David Shrigley is known for his simple but oddly philosophical artworks, the kind beloved on Instagram and frequently ripped off on Etsy. (See: a shark captioned with the text, “I try to be friendly but I’m not very good at it,” or a piece that advises, “When life gives you a lemon, you must eat the lemon, all of it, including the skin.”)
But those drawings aren’t all the British artist creates. One of his most famous works is a seven-metre-high thumbs-up statue, titled Really Good, now on display in the forecourt of the National Gallery of Victoria as part of the NGV triennial. He says it’s the biggest thing he’s ever done – literally and “in terms of my career”.
Given his line of work, it’s not surprising Shrigley is a stationery nerd. Here he tells us about the desk drawer items he can’t create without, as well as the story of the “entire exhibition” he once lost – and still mourns.
What I’d save from my house in a fire
The thing that’s really important to me is my notebooks. In them I make cursory notes and lists of things to draw, plus phrases, text and very small drawings. I feel like the things that come into your head are really valuable. And while they don’t always make it into artworks, I still want that record of them. I’ve got boxes of these notebooks now.
Before the iPhone, I used to use a Filofax. And because I like stationery, and I have this obsessive nature, my Filofax was a really valuable thing as well. Once my Filofax got a bit tattered and I bought a new one. I didn’t know what to do with the old one – you can’t really throw your Filofax away, it’s like throwing away a diary. So I made a kind of public artwork where I took all references to myself out of it, and then I left it in the street with a note that said, “Please do not return this to me as I do not want it back.” And weirdly, it did come back to me. Somebody had done a lot of research and decided that it was mine.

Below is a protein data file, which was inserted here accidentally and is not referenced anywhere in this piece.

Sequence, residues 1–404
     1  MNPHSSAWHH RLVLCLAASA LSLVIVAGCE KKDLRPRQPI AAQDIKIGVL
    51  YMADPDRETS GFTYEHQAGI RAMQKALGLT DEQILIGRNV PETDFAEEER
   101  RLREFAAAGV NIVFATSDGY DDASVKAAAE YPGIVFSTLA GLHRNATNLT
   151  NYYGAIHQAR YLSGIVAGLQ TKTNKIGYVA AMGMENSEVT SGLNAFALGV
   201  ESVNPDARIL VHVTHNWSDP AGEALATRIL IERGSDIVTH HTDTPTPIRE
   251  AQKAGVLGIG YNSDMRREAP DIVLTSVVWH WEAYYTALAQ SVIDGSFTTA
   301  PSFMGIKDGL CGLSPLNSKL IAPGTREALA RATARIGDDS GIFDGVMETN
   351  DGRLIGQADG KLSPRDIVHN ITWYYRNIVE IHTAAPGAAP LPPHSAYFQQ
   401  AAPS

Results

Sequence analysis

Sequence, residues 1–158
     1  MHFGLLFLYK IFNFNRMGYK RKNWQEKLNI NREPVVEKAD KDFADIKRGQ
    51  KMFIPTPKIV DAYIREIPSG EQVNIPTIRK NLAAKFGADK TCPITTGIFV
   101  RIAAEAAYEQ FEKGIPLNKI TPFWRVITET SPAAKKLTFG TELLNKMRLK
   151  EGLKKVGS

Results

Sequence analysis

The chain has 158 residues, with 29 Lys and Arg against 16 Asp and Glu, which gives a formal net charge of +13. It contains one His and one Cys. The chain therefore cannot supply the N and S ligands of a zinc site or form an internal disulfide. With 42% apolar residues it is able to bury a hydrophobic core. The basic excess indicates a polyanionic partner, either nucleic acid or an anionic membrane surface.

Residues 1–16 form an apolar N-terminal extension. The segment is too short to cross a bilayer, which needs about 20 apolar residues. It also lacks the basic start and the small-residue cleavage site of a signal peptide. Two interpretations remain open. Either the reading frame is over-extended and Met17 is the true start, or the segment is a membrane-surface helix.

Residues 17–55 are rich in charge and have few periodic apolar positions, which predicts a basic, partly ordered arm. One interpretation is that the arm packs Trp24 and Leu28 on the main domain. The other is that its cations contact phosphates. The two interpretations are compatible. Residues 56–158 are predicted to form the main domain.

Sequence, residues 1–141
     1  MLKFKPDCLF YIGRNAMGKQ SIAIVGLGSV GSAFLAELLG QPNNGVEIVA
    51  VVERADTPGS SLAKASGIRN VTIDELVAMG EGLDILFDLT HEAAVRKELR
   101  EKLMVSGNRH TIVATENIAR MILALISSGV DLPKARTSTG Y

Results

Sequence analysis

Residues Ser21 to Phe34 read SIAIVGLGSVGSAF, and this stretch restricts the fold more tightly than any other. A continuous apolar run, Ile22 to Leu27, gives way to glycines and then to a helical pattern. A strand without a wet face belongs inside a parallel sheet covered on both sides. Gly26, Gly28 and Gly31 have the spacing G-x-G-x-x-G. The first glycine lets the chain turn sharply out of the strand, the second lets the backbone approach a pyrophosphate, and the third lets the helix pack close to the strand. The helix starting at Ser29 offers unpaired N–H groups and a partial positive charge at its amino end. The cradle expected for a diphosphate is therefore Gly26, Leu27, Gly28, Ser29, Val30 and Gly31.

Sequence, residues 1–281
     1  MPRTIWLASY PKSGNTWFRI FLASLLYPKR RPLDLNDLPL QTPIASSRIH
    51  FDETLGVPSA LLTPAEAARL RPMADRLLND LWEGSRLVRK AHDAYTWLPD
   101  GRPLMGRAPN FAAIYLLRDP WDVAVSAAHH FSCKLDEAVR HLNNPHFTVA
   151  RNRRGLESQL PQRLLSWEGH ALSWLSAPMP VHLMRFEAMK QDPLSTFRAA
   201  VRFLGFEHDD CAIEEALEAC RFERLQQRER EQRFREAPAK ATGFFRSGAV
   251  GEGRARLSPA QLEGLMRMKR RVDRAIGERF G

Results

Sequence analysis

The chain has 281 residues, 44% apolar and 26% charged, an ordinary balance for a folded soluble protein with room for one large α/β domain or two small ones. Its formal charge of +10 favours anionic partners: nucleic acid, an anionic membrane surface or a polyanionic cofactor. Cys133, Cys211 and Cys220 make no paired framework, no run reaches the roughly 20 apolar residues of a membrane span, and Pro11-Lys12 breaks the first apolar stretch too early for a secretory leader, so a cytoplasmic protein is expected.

There are things you really don’t want to lose and don’t want to get rid of. But then there are also things that you can’t get rid of – that are really impossible to throw away. In my case, they’re the same thing.
My most useful object
I’m a stationery person. I’m pretty obsessed with stationery. And I know it sounds lame but I’m really into rulers.
I have a collection of rulers that’s enormous – I’ve got hundreds. Pens and stuff can be replaced but there are two rulers I’ve had since I was in art school that I’d be heartbroken if I lost. These two rulers have interacted with probably 50% of all the artworks I’ve ever made, so they bear the residue of everything that’s come before. Plus, being able to draw straight lines is really important.
It’s like how professional snooker players are really attached to their cue. If they lose their cue, they feel they’re never going to win the championship. I’m a bit like that with my rulers. I carry them around in my briefcase – yes, I have a briefcase. Again, it’s all tied in with my nature.
The item I most regret losing
I lost an entire exhibition once, which is really quite traumatic. In the late 90s I did an exhibition in Portugal. It was one of the first exhibitions that I’d done outside the UK. And I’d made a bunch of small drawings – I think there were maybe 60. I’d spent a couple of weeks making the drawings and was really pleased with them. Then everything that could go wrong did go wrong.
My flight home was cancelled, I lost my camera, my luggage went missing and then, at the end of the exhibition, no artwork came back. It was just gone. Forever. It was in the days before I’d scan or photograph drawings, so there was no record of them. I wasn’t a famous person at that time so I don’t think anybody had placed any value on these drawings. I think they were probably just thrown in the bin.
Artwork gets damaged and artwork get stolen occasionally. I’ve had lots of artworks stolen – I consider it a form of flattery, even more than plagiarism. But this was worse. I’d like it if somebody had stolen it – that would be good, because then it would still exist. But I think it’s actually just in the garbage.
David Shrigley’s sculpture Really Good is at the NGV Triennial, which runs until 7 April